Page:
The Mali Empire that ruled much of West Africa for 400 years from Niani, this village in Guinea on the Sankarani River, helped establish the first long-term trans-Saharan trade with Europe. One emperor, Abubakari II, is said to have launched pirogues fitted with sails from the coast of Senegal to explore the world beyond. Niani’s elders insist their ancestors landed in North America long before Columbus.
But Sergeant Ishmail Camara, commander of Niani’s small border garrison, isn’t buying my interest in the past. “I teach African history and literature,” I explain, on my knees and glancing up at him, trying to be cheerful while I unpack my backpack as he has ordered. Camara and his men hand my passport back and forth among them. “I came here because I want to see where the empire was born.”
I’ve been pleading the innocence of my mission for half an hour, ever since I walked two miles across the border from Mali to this checkpoint outside Niani. I spread my belongings on a plastic mat in the sand in the late afternoon shade of the tin roofed mud building that acts as a guard post. My mosquito net, a pair of field shorts, a headlamp, water bottle… The red, yellow and green Guinean tricolor hangs limp atop a high wooden pole. Camara, short and wiry like a boxer, stands with his arms folded, the only one of these men in uniform: desert combat boots, pressed and clean desert camouflage and a bush hat, with the brim folded up over his ears. Camara looks like he’s in his 30s, betrayed by lines around his eyes and gray stubble on his chin, but his men are younger, twenties or late teens. They slouch in plastic lawn chairs, wearing a mix of gym shorts, camouflage pants, Chinese made flip flops, and T-shirts that say things like “A Night In Paradise” beside a smiley face with tongue sticking out. They look more like fraternity brothers than border guards.
“You are well prepared,” Camara says, “like a real commando.”
I smile but say nothing.
No one touches my things. Instead, Camara asks me to explain every item and why I am carrying it. I unfold a pocket knife for them. Then I hold up my underwear, a Themarest pad, tins of sardines, a roll of crackers, my medical kit, which I open and go through, setting out every bandage, pill, and tube of antibacterial cream. One of the young men, frowning with concentration, points to a black item in the pile, about the size of a hand grenade. “That!” he shouts, rising from his chair. “That right there,” in a voice that suggests he has found proof of what I am really doing here. “What is that?” I hold it up, pinched between thumb and forefinger, and unwrap a balled up pair of socks. Camera smiles. The soldier looks disappointed.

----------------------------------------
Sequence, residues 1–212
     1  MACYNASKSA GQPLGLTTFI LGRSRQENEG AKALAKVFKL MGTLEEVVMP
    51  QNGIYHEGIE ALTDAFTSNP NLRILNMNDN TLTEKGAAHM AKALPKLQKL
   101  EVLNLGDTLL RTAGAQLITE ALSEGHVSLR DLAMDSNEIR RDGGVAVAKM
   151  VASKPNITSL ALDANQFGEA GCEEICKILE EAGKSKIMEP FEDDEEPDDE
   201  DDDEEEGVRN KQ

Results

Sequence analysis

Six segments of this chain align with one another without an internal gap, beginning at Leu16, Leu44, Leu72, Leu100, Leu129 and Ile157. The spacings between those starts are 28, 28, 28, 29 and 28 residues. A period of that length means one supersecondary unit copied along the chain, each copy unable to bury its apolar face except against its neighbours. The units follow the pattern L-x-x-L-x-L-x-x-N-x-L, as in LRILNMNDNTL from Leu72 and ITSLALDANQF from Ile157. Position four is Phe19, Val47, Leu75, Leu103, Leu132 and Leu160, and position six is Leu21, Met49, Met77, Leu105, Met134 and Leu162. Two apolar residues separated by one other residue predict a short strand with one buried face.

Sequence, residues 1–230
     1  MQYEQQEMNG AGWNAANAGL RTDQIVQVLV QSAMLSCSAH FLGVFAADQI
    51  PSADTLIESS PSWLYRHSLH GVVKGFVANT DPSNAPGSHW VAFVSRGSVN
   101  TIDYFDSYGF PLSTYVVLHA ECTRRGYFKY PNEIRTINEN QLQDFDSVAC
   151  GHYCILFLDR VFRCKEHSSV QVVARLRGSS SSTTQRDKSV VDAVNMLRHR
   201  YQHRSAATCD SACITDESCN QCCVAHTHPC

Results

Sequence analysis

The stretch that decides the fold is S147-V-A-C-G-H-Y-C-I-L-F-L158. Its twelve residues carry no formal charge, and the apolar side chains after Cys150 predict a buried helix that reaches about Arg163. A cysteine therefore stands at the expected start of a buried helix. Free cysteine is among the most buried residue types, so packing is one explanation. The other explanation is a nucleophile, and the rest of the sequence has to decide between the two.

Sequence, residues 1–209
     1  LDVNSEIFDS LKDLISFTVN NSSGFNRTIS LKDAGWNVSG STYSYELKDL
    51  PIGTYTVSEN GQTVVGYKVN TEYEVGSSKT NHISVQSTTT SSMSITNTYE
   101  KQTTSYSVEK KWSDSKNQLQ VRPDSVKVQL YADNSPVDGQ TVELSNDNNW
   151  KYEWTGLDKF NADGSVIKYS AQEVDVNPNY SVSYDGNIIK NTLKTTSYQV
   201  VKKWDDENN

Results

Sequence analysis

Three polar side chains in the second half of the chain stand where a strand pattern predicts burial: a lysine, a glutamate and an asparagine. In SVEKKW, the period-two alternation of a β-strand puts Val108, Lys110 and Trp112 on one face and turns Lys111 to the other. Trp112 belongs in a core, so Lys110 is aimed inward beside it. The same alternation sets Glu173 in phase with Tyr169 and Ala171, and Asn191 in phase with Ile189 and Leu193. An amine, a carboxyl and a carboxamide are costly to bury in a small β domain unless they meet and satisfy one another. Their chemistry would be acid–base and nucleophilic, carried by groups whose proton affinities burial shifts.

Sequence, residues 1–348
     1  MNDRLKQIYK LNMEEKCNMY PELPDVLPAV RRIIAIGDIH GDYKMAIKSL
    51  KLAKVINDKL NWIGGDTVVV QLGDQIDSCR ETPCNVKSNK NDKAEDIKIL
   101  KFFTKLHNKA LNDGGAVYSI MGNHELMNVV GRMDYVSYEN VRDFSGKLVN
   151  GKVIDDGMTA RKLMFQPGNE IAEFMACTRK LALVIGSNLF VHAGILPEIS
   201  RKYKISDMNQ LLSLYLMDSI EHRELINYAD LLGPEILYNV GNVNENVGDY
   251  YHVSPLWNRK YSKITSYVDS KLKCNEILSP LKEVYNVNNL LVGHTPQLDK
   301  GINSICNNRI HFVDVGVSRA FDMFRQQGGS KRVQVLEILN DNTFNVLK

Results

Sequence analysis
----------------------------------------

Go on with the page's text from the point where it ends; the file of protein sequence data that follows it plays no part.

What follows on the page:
But this is not a foolish process. To Camara and his men I must look strange, a white man alone, walking out of the forest with a full backpack right into a remote border post as if by accident, 30 miles from the nearest major town. In West Africa, such a distance in bush country is often a full day’s travel (or two) in a barely functioning vehicle. To complicate matters, about 60 miles to the southeast, where Guinea, Mali, and Ivory Coast meet, a civil war has just ended in Ivory Coast, involving mercenaries from Liberia, which also borders Guinea. The network of political lines is tight, complicated by tribal divisions, rumors of white mercenaries, and arms smugglers moving in the borderlands. Calmly, I do as I’m told.
After an hour, Camara hands me my passport and tells me to repack my things. “I sent a message to the village chief,” he says. “You’ll stay with him and his family. You can talk about history with the village elders in the morning.” He watches as I repack. “You’re courageous to come here like this.”
“Maybe.” I look up at him. “Or a little stupid.”
“Well,” he says. “There is that, too.”